Objectives To identify rates of potentially preventable complications for dementia patients compared with non-dementia patients.
Design Retrospective cohort design using hospital discharge data for dementia patients, case matched on sex, age, comorbidity and surgical status on a 1 : 4 ratio to non-dementia patients.
Setting Public hospital discharge data from the state of New South Wales, Australia for 2006/2007.
Participants 426 276 overnight hospital episodes for patients aged 50 and above (census sample).
Main outcome measures Rates of preventable complications, with episode-level risk adjustment for 12 complications that are known to be sensitive to nursing care.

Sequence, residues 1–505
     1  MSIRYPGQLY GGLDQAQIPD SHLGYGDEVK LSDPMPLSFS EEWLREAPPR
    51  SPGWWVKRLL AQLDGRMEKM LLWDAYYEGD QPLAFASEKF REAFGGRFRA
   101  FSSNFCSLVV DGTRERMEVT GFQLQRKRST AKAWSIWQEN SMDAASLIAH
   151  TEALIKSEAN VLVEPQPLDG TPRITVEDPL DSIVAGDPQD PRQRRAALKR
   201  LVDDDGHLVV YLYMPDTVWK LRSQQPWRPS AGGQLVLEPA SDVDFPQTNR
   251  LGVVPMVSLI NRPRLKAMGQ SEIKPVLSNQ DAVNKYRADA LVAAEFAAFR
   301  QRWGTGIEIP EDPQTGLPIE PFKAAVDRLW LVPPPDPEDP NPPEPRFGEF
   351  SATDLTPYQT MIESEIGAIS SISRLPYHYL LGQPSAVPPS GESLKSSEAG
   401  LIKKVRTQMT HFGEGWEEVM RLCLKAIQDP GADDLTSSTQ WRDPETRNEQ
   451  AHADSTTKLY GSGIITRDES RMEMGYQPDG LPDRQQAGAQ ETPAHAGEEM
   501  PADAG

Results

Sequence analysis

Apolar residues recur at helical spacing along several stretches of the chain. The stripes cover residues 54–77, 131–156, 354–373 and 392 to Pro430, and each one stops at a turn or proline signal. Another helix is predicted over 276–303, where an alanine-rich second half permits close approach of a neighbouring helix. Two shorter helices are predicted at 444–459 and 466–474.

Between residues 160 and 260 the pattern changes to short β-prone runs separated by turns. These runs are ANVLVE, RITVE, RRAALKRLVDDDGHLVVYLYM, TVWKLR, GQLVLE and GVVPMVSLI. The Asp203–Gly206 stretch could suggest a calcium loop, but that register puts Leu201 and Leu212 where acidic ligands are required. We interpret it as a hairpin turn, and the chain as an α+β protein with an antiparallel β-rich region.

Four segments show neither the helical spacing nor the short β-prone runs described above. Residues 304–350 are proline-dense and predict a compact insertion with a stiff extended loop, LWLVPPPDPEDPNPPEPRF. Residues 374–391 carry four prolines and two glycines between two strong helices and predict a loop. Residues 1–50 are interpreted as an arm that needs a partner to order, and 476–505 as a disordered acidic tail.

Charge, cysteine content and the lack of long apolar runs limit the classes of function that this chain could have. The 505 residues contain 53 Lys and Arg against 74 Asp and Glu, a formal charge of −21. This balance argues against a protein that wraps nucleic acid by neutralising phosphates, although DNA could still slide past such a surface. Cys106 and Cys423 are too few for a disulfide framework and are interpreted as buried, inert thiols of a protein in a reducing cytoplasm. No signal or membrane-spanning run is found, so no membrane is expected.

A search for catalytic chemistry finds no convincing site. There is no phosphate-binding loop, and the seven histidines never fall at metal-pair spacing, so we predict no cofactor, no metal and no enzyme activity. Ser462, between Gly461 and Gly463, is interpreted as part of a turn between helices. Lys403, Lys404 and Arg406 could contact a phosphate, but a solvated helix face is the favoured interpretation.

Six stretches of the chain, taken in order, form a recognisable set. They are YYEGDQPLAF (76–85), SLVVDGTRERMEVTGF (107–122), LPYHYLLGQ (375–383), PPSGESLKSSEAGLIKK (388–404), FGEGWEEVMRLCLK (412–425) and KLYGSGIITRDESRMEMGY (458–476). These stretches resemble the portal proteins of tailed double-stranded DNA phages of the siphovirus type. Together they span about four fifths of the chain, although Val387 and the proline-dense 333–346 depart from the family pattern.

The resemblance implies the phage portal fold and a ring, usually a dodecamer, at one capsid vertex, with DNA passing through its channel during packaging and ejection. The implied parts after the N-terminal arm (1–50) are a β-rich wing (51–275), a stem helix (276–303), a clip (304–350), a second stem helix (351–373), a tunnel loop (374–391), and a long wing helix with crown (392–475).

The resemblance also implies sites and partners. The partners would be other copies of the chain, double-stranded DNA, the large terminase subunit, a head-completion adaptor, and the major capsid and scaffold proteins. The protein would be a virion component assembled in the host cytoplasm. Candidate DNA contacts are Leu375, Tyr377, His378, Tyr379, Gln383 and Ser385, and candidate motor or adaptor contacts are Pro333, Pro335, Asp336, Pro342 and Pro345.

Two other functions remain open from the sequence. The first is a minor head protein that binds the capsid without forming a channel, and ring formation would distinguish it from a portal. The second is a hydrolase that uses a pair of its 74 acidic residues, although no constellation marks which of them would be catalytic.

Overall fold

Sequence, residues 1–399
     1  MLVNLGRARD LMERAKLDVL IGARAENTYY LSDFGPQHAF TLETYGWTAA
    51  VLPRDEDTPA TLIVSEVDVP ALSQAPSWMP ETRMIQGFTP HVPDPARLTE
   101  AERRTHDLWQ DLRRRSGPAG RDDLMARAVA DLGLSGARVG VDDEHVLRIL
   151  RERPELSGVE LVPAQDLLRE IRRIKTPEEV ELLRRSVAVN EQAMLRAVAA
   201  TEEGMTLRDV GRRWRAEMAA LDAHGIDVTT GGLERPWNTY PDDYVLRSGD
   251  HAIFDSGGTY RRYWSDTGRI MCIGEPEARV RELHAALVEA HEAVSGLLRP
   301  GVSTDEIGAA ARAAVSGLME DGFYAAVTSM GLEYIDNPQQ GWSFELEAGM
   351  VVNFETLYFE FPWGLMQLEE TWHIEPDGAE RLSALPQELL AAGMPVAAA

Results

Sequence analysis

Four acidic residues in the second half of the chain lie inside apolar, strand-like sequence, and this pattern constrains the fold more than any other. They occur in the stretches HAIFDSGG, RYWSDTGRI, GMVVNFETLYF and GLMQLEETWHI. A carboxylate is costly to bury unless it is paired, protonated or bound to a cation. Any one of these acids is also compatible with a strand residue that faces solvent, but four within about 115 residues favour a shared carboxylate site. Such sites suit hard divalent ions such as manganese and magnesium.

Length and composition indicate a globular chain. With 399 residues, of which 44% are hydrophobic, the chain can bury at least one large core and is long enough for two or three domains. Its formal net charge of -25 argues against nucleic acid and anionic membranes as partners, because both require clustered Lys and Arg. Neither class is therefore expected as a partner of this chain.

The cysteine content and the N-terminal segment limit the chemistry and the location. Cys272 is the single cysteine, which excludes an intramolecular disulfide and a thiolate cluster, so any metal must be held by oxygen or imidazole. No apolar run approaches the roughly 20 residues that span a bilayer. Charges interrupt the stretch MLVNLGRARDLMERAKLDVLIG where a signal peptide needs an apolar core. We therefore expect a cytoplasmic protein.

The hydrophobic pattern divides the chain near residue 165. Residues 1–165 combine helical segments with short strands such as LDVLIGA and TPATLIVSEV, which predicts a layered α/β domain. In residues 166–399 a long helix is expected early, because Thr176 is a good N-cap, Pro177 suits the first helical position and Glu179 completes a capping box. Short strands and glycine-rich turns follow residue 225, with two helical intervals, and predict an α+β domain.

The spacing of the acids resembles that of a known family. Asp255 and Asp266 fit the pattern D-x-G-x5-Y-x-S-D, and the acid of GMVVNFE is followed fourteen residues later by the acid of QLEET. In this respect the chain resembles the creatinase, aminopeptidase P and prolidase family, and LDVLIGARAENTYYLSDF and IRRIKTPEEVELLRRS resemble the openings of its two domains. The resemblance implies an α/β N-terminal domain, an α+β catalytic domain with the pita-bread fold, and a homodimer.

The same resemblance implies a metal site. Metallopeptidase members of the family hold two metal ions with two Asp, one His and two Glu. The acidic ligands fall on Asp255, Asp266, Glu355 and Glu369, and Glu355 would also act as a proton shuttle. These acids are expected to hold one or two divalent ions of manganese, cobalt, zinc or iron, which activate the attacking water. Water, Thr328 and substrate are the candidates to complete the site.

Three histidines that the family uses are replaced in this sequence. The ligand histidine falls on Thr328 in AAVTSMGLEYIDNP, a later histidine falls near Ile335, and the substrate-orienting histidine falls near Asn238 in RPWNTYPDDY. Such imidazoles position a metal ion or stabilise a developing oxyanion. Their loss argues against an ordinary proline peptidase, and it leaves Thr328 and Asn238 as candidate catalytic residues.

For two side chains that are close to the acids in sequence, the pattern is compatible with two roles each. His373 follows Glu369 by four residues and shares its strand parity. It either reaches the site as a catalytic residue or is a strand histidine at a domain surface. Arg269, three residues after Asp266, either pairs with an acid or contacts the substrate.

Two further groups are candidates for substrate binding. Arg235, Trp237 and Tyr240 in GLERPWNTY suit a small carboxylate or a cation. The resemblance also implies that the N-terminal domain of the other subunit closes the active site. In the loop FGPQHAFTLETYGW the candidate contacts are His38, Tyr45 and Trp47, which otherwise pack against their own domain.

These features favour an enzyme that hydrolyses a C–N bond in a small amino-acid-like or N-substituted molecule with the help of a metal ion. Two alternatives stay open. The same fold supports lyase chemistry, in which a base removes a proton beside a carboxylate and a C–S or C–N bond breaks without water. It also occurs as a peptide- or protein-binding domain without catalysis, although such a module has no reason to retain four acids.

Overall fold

Results Controlling for age and comorbidities, surgical dementia patients had higher rates than non-dementia patients in seven of the 12 complications: urinary tract infections, pressure ulcers, delirium, pneumonia, physiological and metabolic derangement (all at p<0.0001), sepsis and failure to rescue (at p<0.05). Medical dementia patients also had higher rates of these complications than did non-dementia patients. The highest rates and highest relative risk for dementia patients compared with non-dementia patients, in both medical and surgical populations, were found in four common complications: urinary tract infections, pressure areas, pneumonia and delirium.
Conclusions Compared with non-dementia patients, hospitalised dementia patients have higher rates of potentially preventable complications that might be responsive to nursing interventions.
- Health Services Administration & Management
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